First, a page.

In very simple terms, housing across the UK has been given acres of insulation to stop heat leaking out of these homes so that properties are warmer and cost less to heat. But by sealing them so efficiently, we have stopped air getting in and out of homes with a subsequent rise in problems arising from humidity, mould and condensation. The problem has moved from heating deficiencies to ventilation deficiencies.
Rather than address these issues head on, there is a tendency to do so retrospectively and address the problems when they arise rather than to anticipate the issues and integrate a solution up front, and the resultant problem is more often than not attacked with individual extractor fans, which are not the best way of dealing with whole house ventilation and improved air quality.
We’re in the ‘condensation season’ which tends to run from September to February each year. It’s all down to outside moisture levels and at the first cold snap experienced across the UK, condensation issues begin to raise their ugly heads.
On the positive side of things there is growing public awareness of the need for better indoor air quality and a growing realisation that in some cases the quality of air indoors can be worse than that outdoors. For new build homes, it could be about providing filtration on its systems at the entry level to a property – filtering the incoming air at the grille on the outside of the home. Particularly in urban areas, the levels of toxins – in particular nitrogen dioxide and particulates from heavy traffic – can cause havoc with those susceptive to asthma and other breathing related issues. So as well as filtering the air when it is circulating in a home, they are looking at filtering it on entry.
For existing properties, it’s about having a retrofit solution that is not intrusive so options such as positive input ventilation (PIV) works well here.
Indoor air pollutants are potentially important but the extent to which they affect health is not fully known. However in today’s sealed homes – with double glazing, better insulation and much reduced opportunities for indoor air to escape, it’s clear they play a huge role in the indoor air quality that millions of people in this country are subjected to. Strangely, there is currently no single government department with ownership of this issue – and that is something that has to change if it’s to be taken as seriously as it should be. Heating and cooking appliances and environmental tobacco smoke are the most important indoor sources of pollution in UK homes, and that’s before the effects of external air quality problems comes into play. The main health effects of poor indoor air quality are the same as poor external air quality – to the lungs and heart. And of course children and those who are already ill are most at risk from poor air quality, wherever it is experienced.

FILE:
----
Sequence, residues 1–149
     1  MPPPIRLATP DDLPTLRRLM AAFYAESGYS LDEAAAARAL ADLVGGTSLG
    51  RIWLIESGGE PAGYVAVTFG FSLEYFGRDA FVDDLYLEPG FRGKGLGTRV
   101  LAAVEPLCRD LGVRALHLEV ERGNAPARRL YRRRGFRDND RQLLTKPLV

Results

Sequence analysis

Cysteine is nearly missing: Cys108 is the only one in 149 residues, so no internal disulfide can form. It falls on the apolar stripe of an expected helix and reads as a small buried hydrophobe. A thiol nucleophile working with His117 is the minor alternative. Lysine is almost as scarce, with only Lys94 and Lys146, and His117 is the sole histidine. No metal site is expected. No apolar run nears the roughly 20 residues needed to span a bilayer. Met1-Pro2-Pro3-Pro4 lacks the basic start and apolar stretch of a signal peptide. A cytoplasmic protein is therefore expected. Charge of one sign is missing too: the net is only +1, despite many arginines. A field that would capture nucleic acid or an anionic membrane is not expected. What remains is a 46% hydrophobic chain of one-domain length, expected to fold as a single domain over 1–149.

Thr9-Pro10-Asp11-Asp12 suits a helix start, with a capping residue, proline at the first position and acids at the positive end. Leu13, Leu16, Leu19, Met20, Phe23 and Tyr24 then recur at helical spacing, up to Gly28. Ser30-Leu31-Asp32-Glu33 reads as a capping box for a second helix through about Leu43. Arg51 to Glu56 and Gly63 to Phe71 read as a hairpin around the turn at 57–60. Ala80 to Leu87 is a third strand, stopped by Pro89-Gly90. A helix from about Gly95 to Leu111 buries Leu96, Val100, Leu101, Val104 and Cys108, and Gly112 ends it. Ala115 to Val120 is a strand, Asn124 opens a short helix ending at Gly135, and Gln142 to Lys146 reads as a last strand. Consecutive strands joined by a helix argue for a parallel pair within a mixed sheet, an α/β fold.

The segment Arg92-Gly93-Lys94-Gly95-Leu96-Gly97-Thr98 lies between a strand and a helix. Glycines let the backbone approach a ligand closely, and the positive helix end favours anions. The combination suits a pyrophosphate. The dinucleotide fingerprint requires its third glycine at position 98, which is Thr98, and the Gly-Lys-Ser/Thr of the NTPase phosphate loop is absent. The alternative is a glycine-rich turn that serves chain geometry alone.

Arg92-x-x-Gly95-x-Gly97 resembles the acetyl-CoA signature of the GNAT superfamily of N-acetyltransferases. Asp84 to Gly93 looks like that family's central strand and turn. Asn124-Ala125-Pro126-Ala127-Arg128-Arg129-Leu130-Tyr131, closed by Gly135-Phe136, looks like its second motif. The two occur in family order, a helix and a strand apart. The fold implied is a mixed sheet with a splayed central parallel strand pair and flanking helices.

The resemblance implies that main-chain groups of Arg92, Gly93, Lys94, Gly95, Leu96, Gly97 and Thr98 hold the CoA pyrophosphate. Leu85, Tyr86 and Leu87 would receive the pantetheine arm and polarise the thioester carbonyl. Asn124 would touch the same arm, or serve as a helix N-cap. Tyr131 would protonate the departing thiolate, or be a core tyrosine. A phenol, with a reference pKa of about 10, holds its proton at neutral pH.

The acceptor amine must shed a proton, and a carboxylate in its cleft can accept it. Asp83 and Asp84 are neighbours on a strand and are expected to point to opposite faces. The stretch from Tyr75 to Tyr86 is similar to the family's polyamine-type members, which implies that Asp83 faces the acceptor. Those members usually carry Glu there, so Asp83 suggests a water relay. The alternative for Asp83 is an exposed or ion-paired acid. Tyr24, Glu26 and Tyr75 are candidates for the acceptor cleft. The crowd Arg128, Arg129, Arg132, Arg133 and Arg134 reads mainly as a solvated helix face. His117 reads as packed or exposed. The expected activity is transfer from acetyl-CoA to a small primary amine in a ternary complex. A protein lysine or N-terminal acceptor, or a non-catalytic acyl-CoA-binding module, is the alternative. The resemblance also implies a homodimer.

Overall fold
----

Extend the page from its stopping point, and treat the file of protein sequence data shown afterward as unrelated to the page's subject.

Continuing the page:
Sadly, many people take indoor air quality for granted. It’s clear that people would not drink brown water from a tap in the kitchen as it’s visibly dirty, yet what is the condition of the air that you are breathing right now?
One of the challenges of attacking air quality issues is that there is no definition of unacceptable internal air quality. There is no yardstick by which to measure it. It’s possible this may be best practically measured in terms of humidity levels, CO2 levels, VOCs and temperature. But this is an area that needs to be addressed and quickly so that we can inform homeowners and tenants about the quality of air they live in, quickly and simply.
Increasingly we are seeing proper purpose designed ventilation systems being included in new build properties to ensure that the problems associated with poor indoor air quality are addressed. Many of the systems being used currently include heat recovery systems – MVHR systems (Mechanical Ventilation Heat Recovery) – that, as well as improving air quality, also recover heat from the air being expelled so it can be used to heat the incoming air – offering significant savings on the costs of heating the properties, particularly in the winter months. This offers a win-win situation for the owners and for tenants of social housing and for the operators of public buildings where these systems are used on a commercial scale to improve the air quality of those using the buildings.
It’s clear that addressing indoor air quality is of growing importance and that over the next few years it will be seen as a mainstream issue that requires attention and the installation of good quality ventilation systems – incorporated at the build stage for new build properties and as retrofit options for existing properties where problems are identified. The use of ventilation systems is clearly a less expensive option longer term than the short term fix approach that may be required almost on an annual basis where the problems persist, which will include the need to re-decorate homes and properties that suffer the visually obvious effects of condensation, mould and damp in particular.
It’s an issue that is growing in importance and one that needs urgent attention as studies are suggesting. The age of ventilation as an essential contributor to well-being, is here.